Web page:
It happened in the 1800's as well - punch card looms replaced artisans who sat four to a loom.

Again in the 1960's when telephone exchanges became automated. Protest groups did form in order to object to digit dialling, but the operator women found new jobs.

In the 1980's there was the Wapping Street dispute where the print union workers who had objected to modernization suddenly found themselves unemployable overnight. Their manual labour jobs that involved adding and removing metal lettering onto giant copper print drums suddenly disappeared due to WYSIWYG systems. Journalists simply typed their shorthand notes into the document system and everything was laser printed. Thousands lost their jobs overnight.



posted on Apr, 2 2017 @ 08:04 AM
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originally posted by: Plotus
Not to mention HACKING...... We could be brought to our knees in a moment.


I think you hit on something with this comment that is hard for most people to grasp as they try to divine the future: who the heck knows what kinds of yet-to-be imagined opportunities will be created with each new wave of technology? I mean right there you mention something that probably a lot of people will start doing if they find it to their advantage (hacking the robots). Then on top of that will spawn entire industries based on safeguarding against those hackers. The arms race that will ensue will keep people on both sides of that equation "employed" far, far into the future.

oh yeah and OWN THE ROBOT!!!



posted on Apr, 2 2017 @ 08:07 AM
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originally posted by: LesterJust
a reply to: soficrow

There is no way AI can replace people at this stage

No way


Huh?

It's already happening. And the pace is accelerating. True, it's not "real" AI - but things are moving right along. Here's a quick taste but there's much, much more.


It May Surprise You Which Countries Are Replacing Workers With Robots the Fastest

...Of the more than 229,000 industrial robots sold in 2014 (the most recent statistics available), more than 57,000 were sold to Chinese manufacturers, 29,300 to Japanese companies, 26,200 to companies in the U.S., 24,700 to South Koreans and more than 20,000 to German companies. By comparison, robot sales in India totaled just 2,100, IFR reported.

None of this should surprise us. Automation makes little or no economic sense in countries where there is comparatively little manufacturing or where abundant cheap labor is readily available. The basic economic trade-off between the cost of labor and the cost of automation is the primary consideration. Labor laws, cultural considerations, the availability of capital and the age and skill levels of local workers also are important factors.



Robots are now really stealing jobs as Japanese firm replaces staff with AI

...Previous reports have already forecast the impending AI-powered automation cycle, with experts speculating human workforce will lose roughly seven million jobs to robots in the next five years.



Robots, automation simplify building sites in Japan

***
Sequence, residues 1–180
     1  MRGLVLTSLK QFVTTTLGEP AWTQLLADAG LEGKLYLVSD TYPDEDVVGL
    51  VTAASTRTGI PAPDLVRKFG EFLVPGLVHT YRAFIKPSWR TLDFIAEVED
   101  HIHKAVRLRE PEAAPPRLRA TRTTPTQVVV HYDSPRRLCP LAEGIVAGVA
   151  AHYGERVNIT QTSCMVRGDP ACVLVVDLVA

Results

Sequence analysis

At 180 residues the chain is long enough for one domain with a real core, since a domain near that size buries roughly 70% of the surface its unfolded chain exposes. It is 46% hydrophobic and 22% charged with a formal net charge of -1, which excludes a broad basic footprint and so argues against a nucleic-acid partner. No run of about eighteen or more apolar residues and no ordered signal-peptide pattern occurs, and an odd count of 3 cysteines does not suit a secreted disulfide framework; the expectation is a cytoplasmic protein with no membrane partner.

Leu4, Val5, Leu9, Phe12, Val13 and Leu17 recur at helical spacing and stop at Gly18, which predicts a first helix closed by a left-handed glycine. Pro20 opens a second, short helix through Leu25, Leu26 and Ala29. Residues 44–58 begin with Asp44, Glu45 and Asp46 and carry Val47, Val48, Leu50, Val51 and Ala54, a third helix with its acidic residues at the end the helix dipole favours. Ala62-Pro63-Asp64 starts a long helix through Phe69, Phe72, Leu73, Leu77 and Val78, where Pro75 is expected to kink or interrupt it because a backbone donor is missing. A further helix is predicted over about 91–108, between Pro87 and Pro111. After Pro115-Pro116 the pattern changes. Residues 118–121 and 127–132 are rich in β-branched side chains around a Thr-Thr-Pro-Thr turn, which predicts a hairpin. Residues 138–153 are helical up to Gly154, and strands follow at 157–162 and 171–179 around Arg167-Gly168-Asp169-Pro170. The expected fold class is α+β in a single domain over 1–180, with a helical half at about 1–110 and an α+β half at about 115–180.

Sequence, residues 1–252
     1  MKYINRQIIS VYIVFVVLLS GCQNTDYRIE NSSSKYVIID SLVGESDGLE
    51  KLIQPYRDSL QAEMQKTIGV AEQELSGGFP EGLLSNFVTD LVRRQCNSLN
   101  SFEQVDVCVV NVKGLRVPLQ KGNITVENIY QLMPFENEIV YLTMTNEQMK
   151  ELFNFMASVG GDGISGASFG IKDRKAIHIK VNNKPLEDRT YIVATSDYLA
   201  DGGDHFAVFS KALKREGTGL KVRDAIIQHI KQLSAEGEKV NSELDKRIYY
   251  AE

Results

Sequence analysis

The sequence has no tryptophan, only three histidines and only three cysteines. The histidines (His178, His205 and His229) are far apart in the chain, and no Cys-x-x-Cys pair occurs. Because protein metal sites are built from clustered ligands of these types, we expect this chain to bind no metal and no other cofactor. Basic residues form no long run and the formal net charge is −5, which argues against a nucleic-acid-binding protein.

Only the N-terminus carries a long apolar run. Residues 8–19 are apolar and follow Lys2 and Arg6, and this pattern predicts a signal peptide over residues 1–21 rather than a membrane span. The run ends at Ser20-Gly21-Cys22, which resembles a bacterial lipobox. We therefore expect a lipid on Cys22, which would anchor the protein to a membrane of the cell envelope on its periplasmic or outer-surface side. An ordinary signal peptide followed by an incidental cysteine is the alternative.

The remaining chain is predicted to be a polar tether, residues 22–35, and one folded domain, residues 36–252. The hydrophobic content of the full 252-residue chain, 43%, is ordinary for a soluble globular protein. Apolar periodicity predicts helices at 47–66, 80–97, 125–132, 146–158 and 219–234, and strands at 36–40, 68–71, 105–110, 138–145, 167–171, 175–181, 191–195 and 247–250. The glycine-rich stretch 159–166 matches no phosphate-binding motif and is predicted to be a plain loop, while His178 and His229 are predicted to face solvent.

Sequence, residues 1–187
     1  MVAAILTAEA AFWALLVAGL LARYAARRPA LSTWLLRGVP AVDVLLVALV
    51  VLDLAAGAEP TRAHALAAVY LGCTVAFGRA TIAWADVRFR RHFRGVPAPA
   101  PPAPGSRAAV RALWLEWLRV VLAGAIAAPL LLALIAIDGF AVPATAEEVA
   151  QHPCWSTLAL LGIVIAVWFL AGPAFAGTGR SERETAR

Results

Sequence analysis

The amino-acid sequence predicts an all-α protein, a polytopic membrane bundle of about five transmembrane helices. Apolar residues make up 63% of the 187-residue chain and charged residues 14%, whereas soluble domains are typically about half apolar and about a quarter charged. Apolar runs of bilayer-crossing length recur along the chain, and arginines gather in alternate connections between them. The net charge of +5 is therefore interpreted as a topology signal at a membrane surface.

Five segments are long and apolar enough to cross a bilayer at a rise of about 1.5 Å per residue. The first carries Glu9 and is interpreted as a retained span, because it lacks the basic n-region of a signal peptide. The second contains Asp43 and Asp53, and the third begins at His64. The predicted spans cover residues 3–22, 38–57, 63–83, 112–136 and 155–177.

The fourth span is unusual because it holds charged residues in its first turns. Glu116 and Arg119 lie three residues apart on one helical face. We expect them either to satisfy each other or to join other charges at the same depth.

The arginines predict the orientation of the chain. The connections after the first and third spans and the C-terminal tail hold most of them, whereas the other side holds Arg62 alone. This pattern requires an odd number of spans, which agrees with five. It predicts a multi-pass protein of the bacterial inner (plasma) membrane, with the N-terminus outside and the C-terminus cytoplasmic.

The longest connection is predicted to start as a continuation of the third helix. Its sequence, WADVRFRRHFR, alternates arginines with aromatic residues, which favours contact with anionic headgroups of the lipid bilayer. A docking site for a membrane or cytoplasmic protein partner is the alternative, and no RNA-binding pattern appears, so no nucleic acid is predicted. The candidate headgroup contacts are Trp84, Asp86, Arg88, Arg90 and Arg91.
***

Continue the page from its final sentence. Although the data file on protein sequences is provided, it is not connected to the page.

Japan is running out of people to take care of the elderly, so it's making robots instead

...as countries witness a climbing number of seniors, the amount of caregivers remains stagnant.

This is particularly a problem in Japan, as a nearly 300-page Merrill Lynch report projects a shortage of 1 million caregivers by 2025 for the country.

To address the issue, Japanese companies are leading in the development of Carebots.

Carebots are robots specifically designed to assist elderly people, and it's an industry that's growing in a big way. One-third of the Japanese government's budget is allocated to developing carebots.



2016. Japanese firm to open world’s first robot-run farm




posted on Apr, 2 2017 @ 10:37 AM
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originally posted by: MOMof3
a reply to: marg6043

The only progress left is up. To the stars and only the rich can do that. That is whom the corp and investors will make money from, like incest, and death. Hey its a new world welcome all the kiddies to it.



I welcome our future robotic system overlords with open arms



posted on Apr, 2 2017 @ 01:05 PM
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a reply to: JoshuaCox

Ain't going to happen unless we find a inexhaustible green energy like in Star Trek Movies. Free money comes with free energy and population control because sex will be happening more and more if you don't work. Bet on it!

More like starvation with total war first however!



posted on Apr, 2 2017 @ 02:01 PM
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a reply to: CharlesT
what are you talking about, that is exactly what it could mean. The fund managers are being replaced, the people who make the decisions on which companies they trade in the index and how often they move are what control the price and yield of the fund. Going AI means faster action and calculation which could easily mean better and faster pay out.
a reply to: Bone75
Yea my bad, sometimes that happens.
a reply to: Blondy



sex will be happening more and more if you don't work. Bet on it!




posted on Apr, 3 2017 @ 10:08 AM
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originally posted by: Bone75

originally posted by: MyHappyDogShiner
a reply to: Bone75

I would love to be able to LOL right along with you, but it really isn't very funny at all.



The thing is, I think that deep down we all do agree... at least on what kind of world we want to live in and what we want for all of humanity... and we'll get there I promise.

But in the meantime, laugh while you still can because things are going to get alot worse before they get better.